I found a gym and did BJJ and TKD for a while, but I was working full time, studying and training at the same time and something had to give, so I left TKD behind. I trained hard with my first instructor and competed for the first time, got submitted on my first fight, didn’t enjoy that very much so trained harder for my next tournament. I fought again and was submitted again, I was gutted as I had always done well in Tae Kwon Do. On the following week my instructor told me I was ready for my blue belt! I was very surprised and told him I didn’t believe I was ready as I had lost twice. He insisted, in fact he insisted a lot, we ended up clashing heads a bit and I switched teams. By chance, Jean Kleber (from Kimura-Nova União) had just arrived in my town, I knew who he was and admired him a lot so I joined his class which was in the back room of a bakery, it was crazy. The mats were improvised old mattresses, it was very, very low budget but it was the awesome! Jean was incredible and one of the best coaches I have trained with, very technical and an amazing person. The results of training with him were pretty much immediate, 6 months after I ended up receiving my blue belt from him, he later moved to Boston in the USA and another one of his team mates, Reinaldo Ramos picked up where he left off. Reinaldo had just won the World Cup and was quite a competitor but ended up quitting the sport for personal issues, that is when I met Dinarte “Silva” Junior (also from Nova Uniao) and trained with him for the next few years.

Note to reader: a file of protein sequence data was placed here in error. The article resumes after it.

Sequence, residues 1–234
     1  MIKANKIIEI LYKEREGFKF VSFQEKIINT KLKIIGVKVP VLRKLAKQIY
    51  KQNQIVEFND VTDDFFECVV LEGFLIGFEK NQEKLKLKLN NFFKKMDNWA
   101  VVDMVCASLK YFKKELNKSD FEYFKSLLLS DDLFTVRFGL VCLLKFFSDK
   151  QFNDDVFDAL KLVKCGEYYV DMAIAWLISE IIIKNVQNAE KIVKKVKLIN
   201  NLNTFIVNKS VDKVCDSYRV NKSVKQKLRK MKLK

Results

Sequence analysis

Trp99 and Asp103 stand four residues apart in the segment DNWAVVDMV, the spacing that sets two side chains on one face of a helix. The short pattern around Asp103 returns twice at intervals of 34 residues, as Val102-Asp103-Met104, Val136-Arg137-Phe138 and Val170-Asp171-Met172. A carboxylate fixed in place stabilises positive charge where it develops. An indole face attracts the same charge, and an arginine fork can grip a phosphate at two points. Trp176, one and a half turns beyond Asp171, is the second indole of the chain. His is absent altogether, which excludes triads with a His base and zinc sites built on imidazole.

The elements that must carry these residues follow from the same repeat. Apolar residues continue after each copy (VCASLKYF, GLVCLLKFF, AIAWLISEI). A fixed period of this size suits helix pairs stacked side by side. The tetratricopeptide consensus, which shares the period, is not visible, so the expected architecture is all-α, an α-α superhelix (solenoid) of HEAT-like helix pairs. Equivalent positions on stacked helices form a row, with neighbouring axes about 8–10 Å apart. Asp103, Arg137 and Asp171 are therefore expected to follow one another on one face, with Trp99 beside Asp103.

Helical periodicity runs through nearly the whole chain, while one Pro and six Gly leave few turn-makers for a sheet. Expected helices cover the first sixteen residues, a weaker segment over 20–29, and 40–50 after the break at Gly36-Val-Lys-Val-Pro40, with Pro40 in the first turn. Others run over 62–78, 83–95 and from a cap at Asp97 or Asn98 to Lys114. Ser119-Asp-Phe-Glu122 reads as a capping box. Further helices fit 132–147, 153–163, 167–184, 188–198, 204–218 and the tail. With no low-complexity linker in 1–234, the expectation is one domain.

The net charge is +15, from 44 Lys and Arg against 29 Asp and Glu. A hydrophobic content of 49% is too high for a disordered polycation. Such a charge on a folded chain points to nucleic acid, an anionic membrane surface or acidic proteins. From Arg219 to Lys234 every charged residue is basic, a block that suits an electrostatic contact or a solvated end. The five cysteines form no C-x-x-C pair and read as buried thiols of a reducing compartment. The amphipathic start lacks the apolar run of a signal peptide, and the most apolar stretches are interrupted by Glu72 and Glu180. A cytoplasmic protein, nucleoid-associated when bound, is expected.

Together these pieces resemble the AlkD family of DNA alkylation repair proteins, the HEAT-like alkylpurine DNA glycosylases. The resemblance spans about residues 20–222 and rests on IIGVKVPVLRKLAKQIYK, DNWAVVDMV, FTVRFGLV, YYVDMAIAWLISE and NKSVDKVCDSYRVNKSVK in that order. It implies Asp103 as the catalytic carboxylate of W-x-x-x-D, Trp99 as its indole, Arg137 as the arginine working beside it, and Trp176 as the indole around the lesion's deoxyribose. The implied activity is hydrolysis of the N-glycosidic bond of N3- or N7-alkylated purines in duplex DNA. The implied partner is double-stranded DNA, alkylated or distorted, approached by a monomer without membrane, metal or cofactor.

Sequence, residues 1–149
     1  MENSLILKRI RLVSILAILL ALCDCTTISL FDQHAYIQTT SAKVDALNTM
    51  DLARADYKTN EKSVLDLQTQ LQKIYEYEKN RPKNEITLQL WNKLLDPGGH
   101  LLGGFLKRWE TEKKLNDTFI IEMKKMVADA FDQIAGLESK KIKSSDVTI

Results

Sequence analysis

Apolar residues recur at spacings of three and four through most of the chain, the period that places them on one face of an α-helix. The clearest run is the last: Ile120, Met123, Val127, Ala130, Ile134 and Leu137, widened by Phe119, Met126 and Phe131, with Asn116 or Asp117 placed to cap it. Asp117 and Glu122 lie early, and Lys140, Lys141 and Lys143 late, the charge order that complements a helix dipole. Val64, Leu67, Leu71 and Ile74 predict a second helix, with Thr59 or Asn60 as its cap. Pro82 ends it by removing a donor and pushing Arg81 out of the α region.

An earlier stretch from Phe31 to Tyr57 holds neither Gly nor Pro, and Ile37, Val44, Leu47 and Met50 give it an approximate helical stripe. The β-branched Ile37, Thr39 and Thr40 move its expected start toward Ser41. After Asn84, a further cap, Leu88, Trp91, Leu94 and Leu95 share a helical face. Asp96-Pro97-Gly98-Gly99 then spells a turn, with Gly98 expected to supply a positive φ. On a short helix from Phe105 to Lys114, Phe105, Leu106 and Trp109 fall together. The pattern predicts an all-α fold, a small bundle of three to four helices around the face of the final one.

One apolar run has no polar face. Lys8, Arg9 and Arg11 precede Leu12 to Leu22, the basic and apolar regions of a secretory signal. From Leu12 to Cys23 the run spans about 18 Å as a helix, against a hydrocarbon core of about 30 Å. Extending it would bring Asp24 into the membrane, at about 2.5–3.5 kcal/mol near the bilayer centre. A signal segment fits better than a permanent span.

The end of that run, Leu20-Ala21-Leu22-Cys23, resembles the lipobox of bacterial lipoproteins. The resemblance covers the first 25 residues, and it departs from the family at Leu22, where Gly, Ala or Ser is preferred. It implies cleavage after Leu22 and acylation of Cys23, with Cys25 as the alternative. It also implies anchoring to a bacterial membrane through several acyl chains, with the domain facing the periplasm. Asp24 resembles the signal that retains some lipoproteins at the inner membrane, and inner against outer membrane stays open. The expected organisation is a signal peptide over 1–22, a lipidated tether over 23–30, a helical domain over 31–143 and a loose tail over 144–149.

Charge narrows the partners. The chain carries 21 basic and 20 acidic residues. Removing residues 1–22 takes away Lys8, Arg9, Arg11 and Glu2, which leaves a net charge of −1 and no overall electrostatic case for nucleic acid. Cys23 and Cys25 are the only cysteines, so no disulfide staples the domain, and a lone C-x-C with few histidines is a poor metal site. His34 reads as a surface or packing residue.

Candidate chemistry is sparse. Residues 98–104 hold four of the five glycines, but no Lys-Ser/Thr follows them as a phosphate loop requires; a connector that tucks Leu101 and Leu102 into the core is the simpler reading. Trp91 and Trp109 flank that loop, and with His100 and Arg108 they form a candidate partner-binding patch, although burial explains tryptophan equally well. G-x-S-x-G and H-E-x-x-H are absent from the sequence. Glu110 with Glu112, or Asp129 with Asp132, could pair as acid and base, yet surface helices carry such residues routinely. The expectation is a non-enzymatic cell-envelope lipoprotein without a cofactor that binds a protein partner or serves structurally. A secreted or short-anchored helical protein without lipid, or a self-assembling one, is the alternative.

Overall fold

In around 2004/2005 I moved to England and started training with Roger Brooking from Alliance, he was awesome, I really enjoyed training with him and his guys, some of the best friendships I have today started in that London gym, great bunch of people. After some time I had a nasty training related injury to my spine, which put me out of action for a good 8-9 months. When I returned Roger had stopped coaching. I then spoke to Rodrigo Cabral who I had met at Roger’s and he was giving the classes at London Fight Factory, so I moved over there. LFF had the same atmosphere as Roger Brooking and the same crew for the most part so I stayed there and had a wonderful time, great guys all around; it was an amazing experience to. That is where I met Marco Canha who was the head coach there and who awarded me my black belt. I really liked Canha’s coaching methods which are a bit different from the rest and he was an all around amazing guy, so when he opened up his own gym (Fightzone London), late 2012, I joined him and that is where I am today.